Tuesday, September 6, 2016

Are you quick to resort to justice? Have you ever considered trying the difficult but sanctifying demands of love? - Daily Reflections September 6, 2016

Paul in today’s First Reading delivers a scathing criticism to his community in Corinth. He is angry. After hearing that the Christian brothers were suing one another in public courts, Paul was scandalized that the brothers turn immediately to legal means instead of settling disputes in the spirit of charity.
       In Greece of Paul’s time, court hearings were held in public. Hurling at one another in court undoubtedly compromises the Christian community that is supposed to be a community ruled by charity.
       There is really nothing wrong with a community ruled by justice, but it will be terribly wanting. As a principle, we know that justice is the minimum of love. But love is the perfection of justice. And if the Christian community is called to perfection, “Be perfect, therefore, as your heavenly Father is perfect” (Matthew 5:48), then charity must be the first option for conflict resolution. Charity should be the primary way for believers: “If you have disputes about such matters, do you ask for a ruling from those whose way of life is scorned in the church? I say this to shame you. Is it possible that there is nobody among you wise enough to judge a dispute between believers? (v.4-5). For Paul, immediate resolve through legal means is an indication of an unwillingness to practice the virtues: understanding, forgiveness, patience and sacrifice for the sake of the other. The Christian community is supposed to be “a chosen race, a royal priesthood, a holy nation” (see 1 Peter 2:9). Conflict resolution therefore must be marked by sanctity, which is the mark of a believing community.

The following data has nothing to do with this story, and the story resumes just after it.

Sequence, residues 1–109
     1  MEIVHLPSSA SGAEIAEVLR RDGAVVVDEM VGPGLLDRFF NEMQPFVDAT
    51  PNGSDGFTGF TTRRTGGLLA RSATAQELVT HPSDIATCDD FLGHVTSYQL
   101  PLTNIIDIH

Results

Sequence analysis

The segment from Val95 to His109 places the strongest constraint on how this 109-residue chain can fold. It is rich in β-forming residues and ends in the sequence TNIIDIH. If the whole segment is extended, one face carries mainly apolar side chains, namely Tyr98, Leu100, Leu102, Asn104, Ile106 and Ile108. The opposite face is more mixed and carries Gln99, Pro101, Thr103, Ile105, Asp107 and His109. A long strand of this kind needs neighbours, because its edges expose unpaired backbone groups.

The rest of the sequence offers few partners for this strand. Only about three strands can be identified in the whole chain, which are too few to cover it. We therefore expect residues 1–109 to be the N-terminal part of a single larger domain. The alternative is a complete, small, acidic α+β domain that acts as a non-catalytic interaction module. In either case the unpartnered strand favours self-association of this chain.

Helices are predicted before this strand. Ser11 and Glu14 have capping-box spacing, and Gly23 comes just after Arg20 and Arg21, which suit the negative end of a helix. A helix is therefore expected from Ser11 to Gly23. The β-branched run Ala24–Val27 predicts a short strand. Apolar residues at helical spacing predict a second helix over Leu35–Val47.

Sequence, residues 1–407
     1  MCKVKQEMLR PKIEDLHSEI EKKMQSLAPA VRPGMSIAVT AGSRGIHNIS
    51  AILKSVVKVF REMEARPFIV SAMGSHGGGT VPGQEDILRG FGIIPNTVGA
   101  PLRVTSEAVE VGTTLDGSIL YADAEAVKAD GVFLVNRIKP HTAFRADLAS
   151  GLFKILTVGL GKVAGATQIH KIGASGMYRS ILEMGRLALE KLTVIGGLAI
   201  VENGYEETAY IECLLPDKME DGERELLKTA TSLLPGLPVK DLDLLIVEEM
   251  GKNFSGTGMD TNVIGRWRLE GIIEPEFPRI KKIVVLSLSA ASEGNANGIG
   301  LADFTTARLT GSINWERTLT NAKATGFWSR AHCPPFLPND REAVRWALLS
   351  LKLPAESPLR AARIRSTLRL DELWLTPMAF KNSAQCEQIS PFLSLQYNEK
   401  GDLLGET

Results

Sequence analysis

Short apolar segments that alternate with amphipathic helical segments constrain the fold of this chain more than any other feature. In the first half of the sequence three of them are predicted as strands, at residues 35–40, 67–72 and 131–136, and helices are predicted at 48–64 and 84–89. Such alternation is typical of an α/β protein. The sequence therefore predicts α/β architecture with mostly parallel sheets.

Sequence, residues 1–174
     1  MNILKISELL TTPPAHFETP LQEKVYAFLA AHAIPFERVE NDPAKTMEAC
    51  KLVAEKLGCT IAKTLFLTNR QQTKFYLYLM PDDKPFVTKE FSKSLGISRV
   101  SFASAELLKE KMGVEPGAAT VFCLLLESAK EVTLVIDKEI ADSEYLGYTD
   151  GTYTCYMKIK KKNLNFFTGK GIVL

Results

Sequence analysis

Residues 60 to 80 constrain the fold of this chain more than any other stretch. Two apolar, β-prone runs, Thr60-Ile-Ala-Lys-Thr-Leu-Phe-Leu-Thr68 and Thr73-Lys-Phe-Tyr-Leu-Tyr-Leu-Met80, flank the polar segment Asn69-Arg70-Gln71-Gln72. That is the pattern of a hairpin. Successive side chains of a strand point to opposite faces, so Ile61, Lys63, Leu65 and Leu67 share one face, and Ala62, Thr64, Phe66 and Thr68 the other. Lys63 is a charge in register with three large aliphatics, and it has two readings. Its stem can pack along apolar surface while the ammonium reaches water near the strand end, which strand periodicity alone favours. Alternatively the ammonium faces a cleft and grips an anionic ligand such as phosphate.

Justice is founded on arithmetic equality. But certain situations demand going beyond the strict requirements of justice. When a mother distributes food among her children, for example, justice demands that everybody gets the same. But when one of the children is frail, doesn’t he usually get the better portion? On the outside it seems unfair, but really it isn’t. When love permeates justice, arithmetic equality becomes proportionate equality. In such a situation, love has just perfected justice. Fr. Joel Jason
REFLECTION QUESTIONS: Are you quick to resort to justice? Have you ever considered trying the difficult but sanctifying demands of love?
You have created us out of love, O Lord. Help us to live by the same love. Amen.

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